I do not support California's high speed rail system. Why? Because transit within metropolitan areas stinks and should be addressed first. If we must pay for transit, we should subsidize workers getting to their daily jobs. High-speed rail won't do that. Just try to get from one side of Los Angles to the other, especially East to West. The bus lines and light rail are a mess. Fixing that would help far, far more people earn livings, pay taxes, and rise economically than building high speed rail might do.

Being a "libertarian" doesn't mean you give up sanity in the name of some perceived rights and self-sufficiency that never was.

Gun rights? Didn't any members of the NRA listen to or watch "Gunsmoke" or maybe read some Western history? Guns were banned, yes banned, in many small cities in the West. You turned them in as you entered town and retrieved the gun as you left. It was understood that you needed a gun out in the country, where lawmen weren't within cellphone range. But, nobody assumed you had a right to carry a sidearm in town. Dodge, Tombstone, Wichita, and even Houston banned sidearms in town. It was assumed you could trust the lawmen of the Old West to protect you in a city, and that everyone was safer with only a few guns in town. Beyond the city, you might need the gun for wild animals, highwaymen, rustlers, and general scoundrels. Also, you could have a rifle at home in most cities of the West. I suppose that's because you didn't walk around with the rifle.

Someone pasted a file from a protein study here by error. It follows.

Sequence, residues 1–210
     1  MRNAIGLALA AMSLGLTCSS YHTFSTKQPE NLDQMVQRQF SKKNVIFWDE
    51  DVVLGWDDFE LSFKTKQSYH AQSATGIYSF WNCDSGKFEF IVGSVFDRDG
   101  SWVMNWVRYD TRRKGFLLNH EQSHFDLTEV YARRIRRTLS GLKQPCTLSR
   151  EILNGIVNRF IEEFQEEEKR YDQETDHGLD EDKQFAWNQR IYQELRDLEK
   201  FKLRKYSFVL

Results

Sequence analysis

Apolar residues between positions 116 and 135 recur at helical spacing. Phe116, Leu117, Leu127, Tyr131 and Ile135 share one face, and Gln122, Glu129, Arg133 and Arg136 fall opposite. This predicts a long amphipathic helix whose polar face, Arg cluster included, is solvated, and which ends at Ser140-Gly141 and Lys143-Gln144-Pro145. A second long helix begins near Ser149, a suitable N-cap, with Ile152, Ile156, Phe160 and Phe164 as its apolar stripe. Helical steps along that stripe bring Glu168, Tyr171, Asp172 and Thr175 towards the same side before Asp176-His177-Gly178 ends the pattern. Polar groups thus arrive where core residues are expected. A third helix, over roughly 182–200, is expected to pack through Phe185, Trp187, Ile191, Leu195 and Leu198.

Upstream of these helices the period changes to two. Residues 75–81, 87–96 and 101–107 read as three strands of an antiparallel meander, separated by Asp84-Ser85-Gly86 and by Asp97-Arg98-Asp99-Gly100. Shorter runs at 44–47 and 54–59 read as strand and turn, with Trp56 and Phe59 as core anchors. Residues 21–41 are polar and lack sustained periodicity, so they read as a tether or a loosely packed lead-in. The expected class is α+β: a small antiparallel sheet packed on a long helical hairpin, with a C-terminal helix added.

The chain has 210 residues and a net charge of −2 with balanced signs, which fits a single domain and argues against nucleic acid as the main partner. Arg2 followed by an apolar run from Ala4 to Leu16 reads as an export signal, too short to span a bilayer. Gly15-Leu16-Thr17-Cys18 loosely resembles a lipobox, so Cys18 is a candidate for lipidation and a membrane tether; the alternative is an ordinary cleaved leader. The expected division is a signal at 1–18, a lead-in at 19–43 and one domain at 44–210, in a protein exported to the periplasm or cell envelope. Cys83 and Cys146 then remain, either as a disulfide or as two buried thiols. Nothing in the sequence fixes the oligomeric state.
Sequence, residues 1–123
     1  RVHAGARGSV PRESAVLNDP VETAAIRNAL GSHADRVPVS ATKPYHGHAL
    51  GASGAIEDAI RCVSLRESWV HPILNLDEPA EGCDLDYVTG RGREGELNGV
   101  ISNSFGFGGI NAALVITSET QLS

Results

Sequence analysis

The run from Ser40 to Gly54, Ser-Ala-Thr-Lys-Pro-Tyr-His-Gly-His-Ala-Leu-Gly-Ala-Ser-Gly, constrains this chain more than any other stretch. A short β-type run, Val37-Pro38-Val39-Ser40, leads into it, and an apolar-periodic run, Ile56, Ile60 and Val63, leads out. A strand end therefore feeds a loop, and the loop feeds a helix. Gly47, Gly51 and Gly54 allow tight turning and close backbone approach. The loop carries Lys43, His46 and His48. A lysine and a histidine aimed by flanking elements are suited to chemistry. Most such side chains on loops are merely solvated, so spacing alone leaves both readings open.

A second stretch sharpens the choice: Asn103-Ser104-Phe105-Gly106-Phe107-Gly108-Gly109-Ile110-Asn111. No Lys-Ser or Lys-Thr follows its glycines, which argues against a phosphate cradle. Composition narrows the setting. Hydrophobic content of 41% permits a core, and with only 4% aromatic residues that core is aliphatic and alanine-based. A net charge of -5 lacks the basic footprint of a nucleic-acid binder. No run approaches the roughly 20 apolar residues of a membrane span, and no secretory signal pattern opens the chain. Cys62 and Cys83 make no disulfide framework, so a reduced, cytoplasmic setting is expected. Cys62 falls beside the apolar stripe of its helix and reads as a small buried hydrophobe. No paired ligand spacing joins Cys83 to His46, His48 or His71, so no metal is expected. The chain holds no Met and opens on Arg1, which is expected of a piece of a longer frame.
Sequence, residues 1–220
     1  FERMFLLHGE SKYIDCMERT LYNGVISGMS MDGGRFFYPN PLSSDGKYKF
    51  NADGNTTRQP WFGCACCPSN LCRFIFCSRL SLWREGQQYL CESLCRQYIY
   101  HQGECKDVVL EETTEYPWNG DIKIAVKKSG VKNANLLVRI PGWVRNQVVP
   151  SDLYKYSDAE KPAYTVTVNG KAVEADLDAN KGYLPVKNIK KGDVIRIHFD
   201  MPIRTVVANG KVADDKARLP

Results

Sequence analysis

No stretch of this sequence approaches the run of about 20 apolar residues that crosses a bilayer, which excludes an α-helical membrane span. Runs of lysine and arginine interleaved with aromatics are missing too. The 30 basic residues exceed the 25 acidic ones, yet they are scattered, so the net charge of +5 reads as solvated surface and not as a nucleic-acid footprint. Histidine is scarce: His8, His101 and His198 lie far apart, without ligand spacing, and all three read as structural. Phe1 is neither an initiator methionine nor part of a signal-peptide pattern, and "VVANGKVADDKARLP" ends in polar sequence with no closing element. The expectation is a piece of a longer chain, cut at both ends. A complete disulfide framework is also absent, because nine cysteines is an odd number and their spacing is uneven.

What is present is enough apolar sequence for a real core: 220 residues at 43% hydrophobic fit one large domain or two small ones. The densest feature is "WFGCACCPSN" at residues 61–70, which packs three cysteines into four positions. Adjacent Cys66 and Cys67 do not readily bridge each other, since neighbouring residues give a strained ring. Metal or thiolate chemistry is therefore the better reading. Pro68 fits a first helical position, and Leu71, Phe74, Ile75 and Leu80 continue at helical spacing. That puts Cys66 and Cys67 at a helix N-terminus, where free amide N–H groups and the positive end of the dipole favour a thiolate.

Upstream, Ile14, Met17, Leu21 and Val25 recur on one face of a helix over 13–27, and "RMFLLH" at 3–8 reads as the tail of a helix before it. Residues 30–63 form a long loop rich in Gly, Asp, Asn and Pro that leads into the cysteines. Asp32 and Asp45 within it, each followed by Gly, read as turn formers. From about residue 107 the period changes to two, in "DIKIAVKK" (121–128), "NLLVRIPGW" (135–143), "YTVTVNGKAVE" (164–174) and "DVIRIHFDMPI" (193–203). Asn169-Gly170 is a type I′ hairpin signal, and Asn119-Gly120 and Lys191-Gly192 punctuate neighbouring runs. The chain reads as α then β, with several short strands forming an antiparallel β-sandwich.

As I have stated, repeatedly, I don't support the Democratic Party, and have no home elsewhere. I believe in capitalism, limited government, and meritocracy. I don't support government solutions to most problems. I never trust any large organization to do what is best for individuals.

Being pragmatic and an (almost) classical liberal is frustrating. But, such is life.

Read the following (yes, I realize they are imperfect):

Thursday, June 12, 2014

THEY are Evil… Ruining the U. S. of A

Over on Politico, the divisions we know exist are examined yet again, this time in a new Pew poll.
Pew poll: Polarization highest in recent history
Two decades ago, “a lot of Democrats and Republicans said they didn’t really like what the other party was doing, but they didn’t downright worry about them and see them as a threat in the way that we’re seeing from a lot of people today,” said Michael Dimock, Pew’s vice president for research.
On Facebook, my political friends are increasingly intolerant of other views. It is best to be neutral and ignore the political, or you risk having to choose sides when neither "side" is of much interest. The hatred, the name calling, the complete intolerance for "them" and a conviction that "they" are destroying this country is… destroying this country.